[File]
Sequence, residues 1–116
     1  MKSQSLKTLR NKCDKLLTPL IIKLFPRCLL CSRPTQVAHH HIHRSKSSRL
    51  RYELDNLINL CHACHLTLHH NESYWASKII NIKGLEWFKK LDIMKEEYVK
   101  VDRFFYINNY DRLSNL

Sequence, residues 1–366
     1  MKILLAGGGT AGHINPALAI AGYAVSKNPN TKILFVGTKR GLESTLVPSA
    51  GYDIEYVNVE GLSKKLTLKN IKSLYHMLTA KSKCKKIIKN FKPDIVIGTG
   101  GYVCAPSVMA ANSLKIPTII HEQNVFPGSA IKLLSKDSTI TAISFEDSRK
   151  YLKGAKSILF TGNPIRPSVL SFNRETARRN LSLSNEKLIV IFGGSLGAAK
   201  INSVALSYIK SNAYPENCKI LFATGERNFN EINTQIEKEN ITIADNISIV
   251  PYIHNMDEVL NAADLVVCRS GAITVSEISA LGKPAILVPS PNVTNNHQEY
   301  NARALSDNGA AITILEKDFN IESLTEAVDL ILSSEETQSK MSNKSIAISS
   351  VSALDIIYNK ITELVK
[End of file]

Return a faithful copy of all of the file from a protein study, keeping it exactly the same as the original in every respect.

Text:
Sequence, residues 1–116
     1  MKSQSLKTLR NKCDKLLTPL IIKLFPRCLL CSRPTQVAHH HIHRSKSSRL
    51  RYELDNLINL CHACHLTLHH NESYWASKII NIKGLEWFKK LDIMKEEYVK
   101  VDRFFYINNY DRLSNL

Sequence, residues 1–366
     1  MKILLAGGGT AGHINPALAI AGYAVSKNPN TKILFVGTKR GLESTLVPSA
    51  GYDIEYVNVE GLSKKLTLKN IKSLYHMLTA KSKCKKIIKN FKPDIVIGTG
   101  GYVCAPSVMA ANSLKIPTII HEQNVFPGSA IKLLSKDSTI TAISFEDSRK
   151  YLKGAKSILF TGNPIRPSVL SFNRETARRN LSLSNEKLIV IFGGSLGAAK
   201  INSVALSYIK SNAYPENCKI LFATGERNFN EINTQIEKEN ITIADNISIV
   251  PYIHNMDEVL NAADLVVCRS GAITVSEISA LGKPAILVPS PNVTNNHQEY
   301  NARALSDNGA AITILEKDFN IESLTEAVDL ILSSEETQSK MSNKSIAISS
   351  VSALDIIYNK ITELVK